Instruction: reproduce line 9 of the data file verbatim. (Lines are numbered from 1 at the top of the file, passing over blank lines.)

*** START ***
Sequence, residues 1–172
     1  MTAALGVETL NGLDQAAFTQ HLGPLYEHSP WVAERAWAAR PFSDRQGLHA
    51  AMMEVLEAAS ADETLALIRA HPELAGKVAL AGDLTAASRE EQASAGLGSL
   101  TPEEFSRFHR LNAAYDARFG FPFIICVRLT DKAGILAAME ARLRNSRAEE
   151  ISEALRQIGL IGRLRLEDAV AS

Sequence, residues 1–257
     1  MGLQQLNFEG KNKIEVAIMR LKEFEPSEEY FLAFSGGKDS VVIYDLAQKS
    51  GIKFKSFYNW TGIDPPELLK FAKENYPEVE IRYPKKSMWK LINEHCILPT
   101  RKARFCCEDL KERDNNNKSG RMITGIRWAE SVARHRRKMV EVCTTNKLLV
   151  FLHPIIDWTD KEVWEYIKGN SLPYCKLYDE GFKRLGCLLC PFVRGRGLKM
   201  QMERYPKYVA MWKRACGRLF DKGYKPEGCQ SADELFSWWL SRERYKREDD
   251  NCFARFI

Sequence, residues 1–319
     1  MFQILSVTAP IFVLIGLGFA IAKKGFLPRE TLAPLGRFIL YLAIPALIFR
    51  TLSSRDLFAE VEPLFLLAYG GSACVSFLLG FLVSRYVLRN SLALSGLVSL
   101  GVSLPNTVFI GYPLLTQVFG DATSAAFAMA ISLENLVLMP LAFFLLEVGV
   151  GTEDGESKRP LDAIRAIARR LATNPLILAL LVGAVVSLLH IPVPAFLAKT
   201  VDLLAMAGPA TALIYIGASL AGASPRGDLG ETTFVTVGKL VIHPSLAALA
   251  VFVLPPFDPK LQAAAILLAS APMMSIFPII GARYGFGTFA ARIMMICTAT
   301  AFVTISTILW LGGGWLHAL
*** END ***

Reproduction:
   101  RKARFCCEDL KERDNNNKSG RMITGIRWAE SVARHRRKMV EVCTTNKLLV